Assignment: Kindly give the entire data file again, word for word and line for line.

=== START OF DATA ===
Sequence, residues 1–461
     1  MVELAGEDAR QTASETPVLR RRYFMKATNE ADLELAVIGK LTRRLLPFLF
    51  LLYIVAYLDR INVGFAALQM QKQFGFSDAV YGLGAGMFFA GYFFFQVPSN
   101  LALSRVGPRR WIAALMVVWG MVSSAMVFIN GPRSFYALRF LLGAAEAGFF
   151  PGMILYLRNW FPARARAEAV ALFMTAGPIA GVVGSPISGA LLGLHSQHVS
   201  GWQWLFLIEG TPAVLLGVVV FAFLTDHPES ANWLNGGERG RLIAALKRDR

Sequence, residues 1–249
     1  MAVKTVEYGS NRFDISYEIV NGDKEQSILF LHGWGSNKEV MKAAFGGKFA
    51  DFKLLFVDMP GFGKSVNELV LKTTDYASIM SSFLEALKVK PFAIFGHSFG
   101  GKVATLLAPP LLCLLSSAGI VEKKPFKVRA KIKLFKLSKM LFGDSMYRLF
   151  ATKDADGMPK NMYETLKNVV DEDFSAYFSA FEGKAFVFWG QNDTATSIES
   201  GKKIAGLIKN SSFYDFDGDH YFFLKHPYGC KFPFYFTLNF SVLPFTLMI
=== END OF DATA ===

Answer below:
Sequence, residues 1–461
     1  MVELAGEDAR QTASETPVLR RRYFMKATNE ADLELAVIGK LTRRLLPFLF
    51  LLYIVAYLDR INVGFAALQM QKQFGFSDAV YGLGAGMFFA GYFFFQVPSN
   101  LALSRVGPRR WIAALMVVWG MVSSAMVFIN GPRSFYALRF LLGAAEAGFF
   151  PGMILYLRNW FPARARAEAV ALFMTAGPIA GVVGSPISGA LLGLHSQHVS
   201  GWQWLFLIEG TPAVLLGVVV FAFLTDHPES ANWLNGGERG RLIAALKRDR

Sequence, residues 1–249
     1  MAVKTVEYGS NRFDISYEIV NGDKEQSILF LHGWGSNKEV MKAAFGGKFA
    51  DFKLLFVDMP GFGKSVNELV LKTTDYASIM SSFLEALKVK PFAIFGHSFG
   101  GKVATLLAPP LLCLLSSAGI VEKKPFKVRA KIKLFKLSKM LFGDSMYRLF
   151  ATKDADGMPK NMYETLKNVV DEDFSAYFSA FEGKAFVFWG QNDTATSIES
   201  GKKIAGLIKN SSFYDFDGDH YFFLKHPYGC KFPFYFTLNF SVLPFTLMI